On October 11, Monika Šipelytė, a doctorate student of Vilnius University, defended her Ph.D. thesis on the topic of political and diplomatic activities of Lithuanians in Switzerland in 1915-1919 and their impact on the statehood of Lithuania. The dissertation analyzes in depth the early emigration of Lithuanians to Switzerland and their political aspirations, actions, and achievements during the WWI. More specific activities, such as international and national conferences, development and dissemination of state projects, publishing, and internal and external correspondence are discussed in five chronologically arranged chapters.
A Lithuanian-Australian writer Kristina Dryža is better known in the world of business and management as one of the most influential futurists, trend forecasters, and business consultants, who worked with companies such as Virgin Group, Microsoft, and British Sky Broadcasting. Kristina says that many still do not know that she is also the author of the novel Grace and the Wind released in 2014. I asked Kristina a few questions about writer’s craft, her first book, and future plans.
– How did you become a writer?
I always loved to write as a teenager, mainly in my journal, kept from my parents’ prying eyes. I didn’t really enjoy writing assignments at school or essays at university. I didn’t like writing to perform, to prove, to justify – for results. I had more fun crafting messages in Christmas and birthday cards for my friends, and sharing my overseas travel experiences in postcard form, when writing postcards was de rigueur in the pre-internet era.Continue reading “Lithuania’s Nature and the Particular Colour of Green Invite to Come Back”
Why is it important to bring diaspora authors together? Or perhaps not only diaspora authors but Lithuanian writers who live in Lithuania and Lithuanian writers who live in diaspora?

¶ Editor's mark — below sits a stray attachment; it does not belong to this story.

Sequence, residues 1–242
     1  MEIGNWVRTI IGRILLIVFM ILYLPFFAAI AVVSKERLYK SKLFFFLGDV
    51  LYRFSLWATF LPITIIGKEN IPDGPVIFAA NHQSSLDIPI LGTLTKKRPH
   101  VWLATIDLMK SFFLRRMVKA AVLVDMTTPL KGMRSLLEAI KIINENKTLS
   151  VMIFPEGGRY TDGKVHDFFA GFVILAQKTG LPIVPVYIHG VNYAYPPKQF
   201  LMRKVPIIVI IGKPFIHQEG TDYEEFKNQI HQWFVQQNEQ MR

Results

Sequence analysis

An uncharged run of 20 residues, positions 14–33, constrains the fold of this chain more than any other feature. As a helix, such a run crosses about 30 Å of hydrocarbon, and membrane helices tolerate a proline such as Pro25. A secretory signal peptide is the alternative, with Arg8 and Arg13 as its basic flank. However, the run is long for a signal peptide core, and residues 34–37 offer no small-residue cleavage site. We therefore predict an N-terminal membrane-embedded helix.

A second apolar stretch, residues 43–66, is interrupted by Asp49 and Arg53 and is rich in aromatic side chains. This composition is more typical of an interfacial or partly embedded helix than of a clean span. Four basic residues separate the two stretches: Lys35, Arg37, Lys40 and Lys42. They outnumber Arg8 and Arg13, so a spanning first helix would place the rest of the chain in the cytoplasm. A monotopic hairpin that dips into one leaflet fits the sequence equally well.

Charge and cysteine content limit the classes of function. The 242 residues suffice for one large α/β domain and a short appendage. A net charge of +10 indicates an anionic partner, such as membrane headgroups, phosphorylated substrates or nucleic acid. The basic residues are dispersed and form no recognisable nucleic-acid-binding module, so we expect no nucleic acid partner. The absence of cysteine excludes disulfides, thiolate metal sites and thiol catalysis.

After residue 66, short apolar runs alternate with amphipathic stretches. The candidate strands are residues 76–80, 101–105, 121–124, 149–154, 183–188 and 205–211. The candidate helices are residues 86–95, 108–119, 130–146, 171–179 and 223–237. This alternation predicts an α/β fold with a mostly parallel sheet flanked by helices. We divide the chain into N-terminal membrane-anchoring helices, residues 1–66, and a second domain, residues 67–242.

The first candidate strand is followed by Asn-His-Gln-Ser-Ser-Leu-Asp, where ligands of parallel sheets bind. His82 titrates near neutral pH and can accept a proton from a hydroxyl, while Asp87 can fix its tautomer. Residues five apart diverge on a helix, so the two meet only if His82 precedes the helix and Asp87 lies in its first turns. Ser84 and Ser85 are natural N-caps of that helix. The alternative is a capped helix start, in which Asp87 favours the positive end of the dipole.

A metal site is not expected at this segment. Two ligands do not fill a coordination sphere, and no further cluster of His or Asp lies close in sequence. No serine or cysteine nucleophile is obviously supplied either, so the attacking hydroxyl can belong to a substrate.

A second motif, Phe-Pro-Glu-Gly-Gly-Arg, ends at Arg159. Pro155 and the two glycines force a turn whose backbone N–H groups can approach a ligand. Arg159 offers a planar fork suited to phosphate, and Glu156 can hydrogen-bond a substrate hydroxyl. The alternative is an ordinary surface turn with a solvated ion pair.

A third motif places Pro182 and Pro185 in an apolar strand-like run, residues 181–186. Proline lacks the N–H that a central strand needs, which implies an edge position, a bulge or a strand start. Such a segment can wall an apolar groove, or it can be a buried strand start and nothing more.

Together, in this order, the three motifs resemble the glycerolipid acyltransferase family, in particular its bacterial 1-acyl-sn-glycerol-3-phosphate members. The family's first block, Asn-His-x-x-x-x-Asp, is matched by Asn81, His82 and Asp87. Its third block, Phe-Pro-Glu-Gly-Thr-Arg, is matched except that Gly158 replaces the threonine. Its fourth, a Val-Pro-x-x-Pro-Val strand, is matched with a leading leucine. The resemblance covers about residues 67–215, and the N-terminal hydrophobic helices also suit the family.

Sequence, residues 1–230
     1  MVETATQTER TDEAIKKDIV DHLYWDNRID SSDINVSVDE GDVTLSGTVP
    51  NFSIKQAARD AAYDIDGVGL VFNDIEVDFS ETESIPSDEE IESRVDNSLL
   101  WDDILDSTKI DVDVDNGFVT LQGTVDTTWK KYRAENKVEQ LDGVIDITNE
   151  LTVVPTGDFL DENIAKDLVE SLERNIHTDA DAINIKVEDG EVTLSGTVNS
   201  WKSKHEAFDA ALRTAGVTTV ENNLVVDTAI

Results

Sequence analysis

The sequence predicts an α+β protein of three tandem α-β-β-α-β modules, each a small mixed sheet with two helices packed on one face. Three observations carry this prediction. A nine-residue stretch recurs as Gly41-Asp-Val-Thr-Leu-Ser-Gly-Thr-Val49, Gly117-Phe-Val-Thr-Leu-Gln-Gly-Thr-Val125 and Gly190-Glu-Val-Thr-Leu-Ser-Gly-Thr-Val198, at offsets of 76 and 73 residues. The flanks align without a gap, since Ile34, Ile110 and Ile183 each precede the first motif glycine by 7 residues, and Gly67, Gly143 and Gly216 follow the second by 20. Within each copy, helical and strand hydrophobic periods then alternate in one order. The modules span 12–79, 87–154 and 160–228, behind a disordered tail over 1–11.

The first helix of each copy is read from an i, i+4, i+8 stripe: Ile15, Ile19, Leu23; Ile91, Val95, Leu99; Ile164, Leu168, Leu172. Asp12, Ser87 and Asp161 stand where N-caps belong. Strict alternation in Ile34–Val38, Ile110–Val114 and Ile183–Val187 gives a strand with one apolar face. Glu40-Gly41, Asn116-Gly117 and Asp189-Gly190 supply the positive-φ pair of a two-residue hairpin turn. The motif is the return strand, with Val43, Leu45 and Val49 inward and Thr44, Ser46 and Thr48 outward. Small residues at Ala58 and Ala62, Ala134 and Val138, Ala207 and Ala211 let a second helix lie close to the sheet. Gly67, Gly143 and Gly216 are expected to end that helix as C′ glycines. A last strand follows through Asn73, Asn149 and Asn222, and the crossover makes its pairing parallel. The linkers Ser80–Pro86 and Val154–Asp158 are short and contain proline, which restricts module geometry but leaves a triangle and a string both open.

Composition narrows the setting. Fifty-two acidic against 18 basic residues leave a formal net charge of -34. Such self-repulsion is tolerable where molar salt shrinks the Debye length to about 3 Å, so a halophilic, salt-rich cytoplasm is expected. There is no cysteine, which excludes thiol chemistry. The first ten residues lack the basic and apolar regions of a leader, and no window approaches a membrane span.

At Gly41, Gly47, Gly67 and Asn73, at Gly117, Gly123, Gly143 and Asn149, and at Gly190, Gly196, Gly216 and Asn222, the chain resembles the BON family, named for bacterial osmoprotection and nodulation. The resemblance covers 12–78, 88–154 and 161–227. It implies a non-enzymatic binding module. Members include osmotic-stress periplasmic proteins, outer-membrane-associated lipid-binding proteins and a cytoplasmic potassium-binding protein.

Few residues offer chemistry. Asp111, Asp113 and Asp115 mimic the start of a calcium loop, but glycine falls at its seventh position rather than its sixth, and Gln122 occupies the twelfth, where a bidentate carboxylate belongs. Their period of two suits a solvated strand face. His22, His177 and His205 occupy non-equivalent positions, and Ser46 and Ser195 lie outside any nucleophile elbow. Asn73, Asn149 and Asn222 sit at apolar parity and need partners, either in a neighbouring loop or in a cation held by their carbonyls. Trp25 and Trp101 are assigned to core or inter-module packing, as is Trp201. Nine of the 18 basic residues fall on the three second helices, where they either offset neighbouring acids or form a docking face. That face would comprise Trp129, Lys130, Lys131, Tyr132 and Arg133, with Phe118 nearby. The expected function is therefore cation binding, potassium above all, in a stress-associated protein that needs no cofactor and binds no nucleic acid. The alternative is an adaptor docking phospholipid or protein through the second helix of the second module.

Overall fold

The Arts thrive in community. In isolation, an author can push themselves to create, yes, but to truly realize their full potential they must be challenged in an inspiring way. The more diverse the ideas that the artists and writers discuss when they come together, the more intriguing ideas bubble up – instead of just beer, you get champagne. Writers of the diaspora see Lithuania from a different perspective, from a bit of distance. Do you know the fable about the elephant and the blind men? One saw a wall, one saw a rope, one saw a tree, and one a spear? Only by adding this all together could they discover an elephant? It is both challenging and inspiring to hear about how other writers work, where they find peace, how they get through writing blocks, what themes and ideas matter. There is something about being in a room full of people who care as much about the perfect word as you do – and then discovering that person lives across the globe from you – and yet you have similar roots, you both know the blue of a cornflower, you both remember some adult showing you as a child how to get to the sharp, bitter scent of a rūta by crushing one leaf between your thumb and forefinger, you both know the savory taste of dill. It pulls the world closer, like a drawstring. And what you keep in that secret sack—that is up to you, but it is nice to know that everyone is carrying some memories that are all tied together.Continue reading “Interview with M. M. De Voe”